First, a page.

The climate summit in Glasgow is in its final hours. But we should probably assume that it will continue in time. As it stands now, there are good prospects for it.
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This is what the deal can look like
First the erasers formal decisions from the Glasgow climate summit were presented earlier this week. There, countries are encouraged to once again fine-tune their climate targets in line with the Paris Agreement. That should happen by the end of 2022, according to the draft. It also includes a call to phase out coal power and fossil fuel subsidies.
The negotiations are now at a crucial moment. UN Secretary General António Guterres said this on Thursday. It says it is not sustained by a weak agreement that all countries can easily join. Climate and Environment Minister Espen Barth Eide says NRK who is happy with the draft. He says it is clear that one should stay below 1.5 degrees of warming and cooperate more between countries. Eide also says Norway will take goals even further.
Now what? In Glasgow, it is not just climate negotiators trying to reach a deal. The gathering is also dominated by lobbyists, protesters, and business actors trying to influence the final deal. The final decision will not be made until the end of the meeting, which is expected to continue overtime until the weekend. This means that things can still change.
2. Possible solution to the multi-year quota tangle
Norway has contributed to a new draft of rules for trading climate quotas during the climate summit.
According to the Minister of Climate and Environment, Espen Barth Eide (Labor Party) is one new and full text now instead. It has played a leading role in the negotiations on how quota trading should be carried out in practice.
A climate quota is a permit to emit a certain amount of greenhouse gases. The new proposal is to create two categories of climate quotas:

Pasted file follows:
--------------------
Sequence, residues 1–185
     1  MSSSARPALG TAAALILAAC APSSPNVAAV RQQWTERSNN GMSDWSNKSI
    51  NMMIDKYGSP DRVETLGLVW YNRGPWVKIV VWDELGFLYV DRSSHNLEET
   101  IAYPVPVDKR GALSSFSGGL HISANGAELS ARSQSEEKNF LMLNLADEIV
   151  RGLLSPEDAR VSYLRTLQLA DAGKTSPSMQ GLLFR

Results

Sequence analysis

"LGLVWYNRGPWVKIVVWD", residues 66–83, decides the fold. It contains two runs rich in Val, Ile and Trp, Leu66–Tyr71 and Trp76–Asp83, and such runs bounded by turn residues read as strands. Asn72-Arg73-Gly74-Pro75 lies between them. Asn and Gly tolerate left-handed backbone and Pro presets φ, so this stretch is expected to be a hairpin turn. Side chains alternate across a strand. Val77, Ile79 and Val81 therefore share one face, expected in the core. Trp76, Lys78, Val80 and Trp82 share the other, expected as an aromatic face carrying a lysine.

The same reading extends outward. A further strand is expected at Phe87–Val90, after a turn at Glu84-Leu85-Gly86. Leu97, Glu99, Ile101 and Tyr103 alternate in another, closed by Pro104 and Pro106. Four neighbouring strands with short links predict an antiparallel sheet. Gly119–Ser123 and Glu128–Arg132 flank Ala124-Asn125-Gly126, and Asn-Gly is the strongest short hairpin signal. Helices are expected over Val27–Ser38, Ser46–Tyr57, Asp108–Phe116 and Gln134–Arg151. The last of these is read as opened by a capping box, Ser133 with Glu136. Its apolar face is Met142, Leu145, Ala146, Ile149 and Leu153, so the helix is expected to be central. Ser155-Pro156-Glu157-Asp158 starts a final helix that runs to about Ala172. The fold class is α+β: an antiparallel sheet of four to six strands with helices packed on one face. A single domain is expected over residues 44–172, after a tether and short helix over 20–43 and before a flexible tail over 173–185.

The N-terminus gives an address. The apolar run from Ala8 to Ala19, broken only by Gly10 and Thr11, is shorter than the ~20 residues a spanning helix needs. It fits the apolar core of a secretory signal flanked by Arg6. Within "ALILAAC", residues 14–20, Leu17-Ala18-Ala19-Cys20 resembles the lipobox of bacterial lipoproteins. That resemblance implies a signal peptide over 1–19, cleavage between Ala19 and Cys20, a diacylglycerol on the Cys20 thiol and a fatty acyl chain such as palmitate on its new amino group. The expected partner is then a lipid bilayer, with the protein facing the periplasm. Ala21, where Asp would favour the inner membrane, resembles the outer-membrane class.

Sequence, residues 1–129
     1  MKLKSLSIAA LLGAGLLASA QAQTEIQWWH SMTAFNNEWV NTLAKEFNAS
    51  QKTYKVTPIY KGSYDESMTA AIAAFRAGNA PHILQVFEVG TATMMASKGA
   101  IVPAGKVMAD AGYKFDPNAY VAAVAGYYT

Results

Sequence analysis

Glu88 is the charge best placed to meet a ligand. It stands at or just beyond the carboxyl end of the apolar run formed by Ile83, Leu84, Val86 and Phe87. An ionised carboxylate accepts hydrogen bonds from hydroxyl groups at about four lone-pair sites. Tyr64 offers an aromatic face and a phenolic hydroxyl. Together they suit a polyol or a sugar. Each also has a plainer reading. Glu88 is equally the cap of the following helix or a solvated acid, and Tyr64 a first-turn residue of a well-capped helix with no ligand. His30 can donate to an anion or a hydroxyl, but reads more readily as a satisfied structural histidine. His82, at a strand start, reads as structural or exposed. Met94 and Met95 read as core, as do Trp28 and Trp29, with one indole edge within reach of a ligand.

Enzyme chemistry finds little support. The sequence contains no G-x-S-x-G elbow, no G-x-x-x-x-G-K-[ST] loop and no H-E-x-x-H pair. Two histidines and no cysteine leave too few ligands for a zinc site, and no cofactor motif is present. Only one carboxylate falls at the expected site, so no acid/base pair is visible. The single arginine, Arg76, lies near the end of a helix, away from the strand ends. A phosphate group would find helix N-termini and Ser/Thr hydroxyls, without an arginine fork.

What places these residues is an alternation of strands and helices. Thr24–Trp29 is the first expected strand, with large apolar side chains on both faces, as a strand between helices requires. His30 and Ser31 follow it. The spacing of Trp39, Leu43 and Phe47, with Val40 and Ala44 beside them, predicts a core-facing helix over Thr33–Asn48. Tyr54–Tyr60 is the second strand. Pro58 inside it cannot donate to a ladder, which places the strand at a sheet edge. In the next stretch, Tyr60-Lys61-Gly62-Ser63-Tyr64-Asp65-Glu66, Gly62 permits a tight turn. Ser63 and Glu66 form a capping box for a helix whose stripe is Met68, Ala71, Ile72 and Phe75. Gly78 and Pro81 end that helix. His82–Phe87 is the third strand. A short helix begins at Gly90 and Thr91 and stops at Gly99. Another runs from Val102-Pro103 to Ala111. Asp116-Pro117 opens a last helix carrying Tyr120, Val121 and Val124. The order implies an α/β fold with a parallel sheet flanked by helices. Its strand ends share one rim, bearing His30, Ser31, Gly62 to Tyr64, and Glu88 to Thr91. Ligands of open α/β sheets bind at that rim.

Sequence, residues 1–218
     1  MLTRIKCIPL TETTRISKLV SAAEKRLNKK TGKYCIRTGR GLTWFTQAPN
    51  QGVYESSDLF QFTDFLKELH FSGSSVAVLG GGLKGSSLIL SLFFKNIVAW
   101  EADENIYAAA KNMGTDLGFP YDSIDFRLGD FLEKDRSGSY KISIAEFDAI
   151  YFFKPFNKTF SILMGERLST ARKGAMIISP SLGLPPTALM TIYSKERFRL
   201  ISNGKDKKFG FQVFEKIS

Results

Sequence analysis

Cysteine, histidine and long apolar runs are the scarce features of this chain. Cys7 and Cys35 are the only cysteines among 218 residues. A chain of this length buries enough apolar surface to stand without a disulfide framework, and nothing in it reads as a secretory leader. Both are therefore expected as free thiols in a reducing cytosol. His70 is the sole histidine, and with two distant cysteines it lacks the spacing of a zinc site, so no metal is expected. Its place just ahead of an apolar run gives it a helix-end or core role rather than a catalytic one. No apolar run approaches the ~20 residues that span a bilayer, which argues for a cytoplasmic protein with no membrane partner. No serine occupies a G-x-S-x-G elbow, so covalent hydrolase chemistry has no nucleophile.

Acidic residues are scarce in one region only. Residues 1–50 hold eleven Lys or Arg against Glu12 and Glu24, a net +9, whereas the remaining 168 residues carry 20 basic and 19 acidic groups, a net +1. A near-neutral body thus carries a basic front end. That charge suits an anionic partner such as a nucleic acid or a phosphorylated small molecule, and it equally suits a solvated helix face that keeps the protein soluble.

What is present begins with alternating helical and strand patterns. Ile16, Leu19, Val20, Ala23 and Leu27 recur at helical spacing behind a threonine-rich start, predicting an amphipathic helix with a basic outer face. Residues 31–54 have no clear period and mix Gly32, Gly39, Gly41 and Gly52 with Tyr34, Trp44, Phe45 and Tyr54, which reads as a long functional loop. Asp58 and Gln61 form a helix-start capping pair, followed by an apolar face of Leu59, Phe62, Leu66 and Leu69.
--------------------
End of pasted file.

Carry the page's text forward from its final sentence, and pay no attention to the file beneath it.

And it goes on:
A main category in which authorized allowances can be bought and sold. Climate quotas are counted against countries’ climate goals.
A secondary category where authorization requirements are more lax. Here, climate quotas cannot be used to achieve national climate goals.
That is why it is important to: A working system for quota trading can contribute to bigger and faster climate cuts. This is what Climate and Environment Minister Espen Barth Eide tells BT Editor-in-Chief Frøy Gudbrandsen in this new podkastepisoden. A good system will contribute to real climate cuts. If you’re not successful at that, you can create a large space for the green wash, Eide says. Hear all the weather episodes on the What Happened? Podcast she.
You want nuclear power instead of wind turbines
Sometimes I get advice from readers that there is a simple solution to supplying society with enough renewable energy: build more nuclear power. This message has also been repeated during the climate conference. It occurs as a result of Europe and Asia being in the middle of an energy crisis. Other renewable energy sources are also unable to keep up with demand, writes Aftenposten.
Following the serious accidents at Chernobyl and Fukushima, several countries said no to nuclear power. While others, including France, have continued to build new nuclear reactors. Today, the country has 53 of the 123 nuclear power plants in the EU.
Green victory: Also in the UK, they still have nuclear power, and today it accounts for around 20 per cent of the energy mix in the country. Just a two-hour drive from Glasgow’s Climate Circus is the Torness Nuclear Power Plant. It generates enough electricity for every household in Scotland and is less of a hassle than wind turbines, according to locals.
4. Disappointment and frustration abroad
He has spent days and more than 12,000 crowns on a train journey through Europe to reach the climate summit. EAT founder Gunhild Stordalen traveled to Glasgow to work for food and be part of the discussion on how to solve the global climate crisis. Although Stordalen is disappointed that the food is not discussed, she says the atmosphere at the meeting is good.
Activists and youth representatives from around the world have gathered outside the conference area where the negotiations are taking place. They are invited to Glasgow as observers, but they speak of disappointment and frustration. Young people say that it is difficult to be aware of what is happening inside the conference, and they say that it feels like decoration.
It is worth quoting: – It’s great to be here, but there are many things that are inaccessible to us, says Norway’s Pauline Tomren from Bergen.
That is why we write about the green change.
For Norway to achieve its goal of becoming a low-emission society, where economic growth and development must take place within the tolerable limits of nature, society as a whole must undergo a massive transformation. The business community is a major driving force in this development, which after all, solar brands will accelerate in the future.
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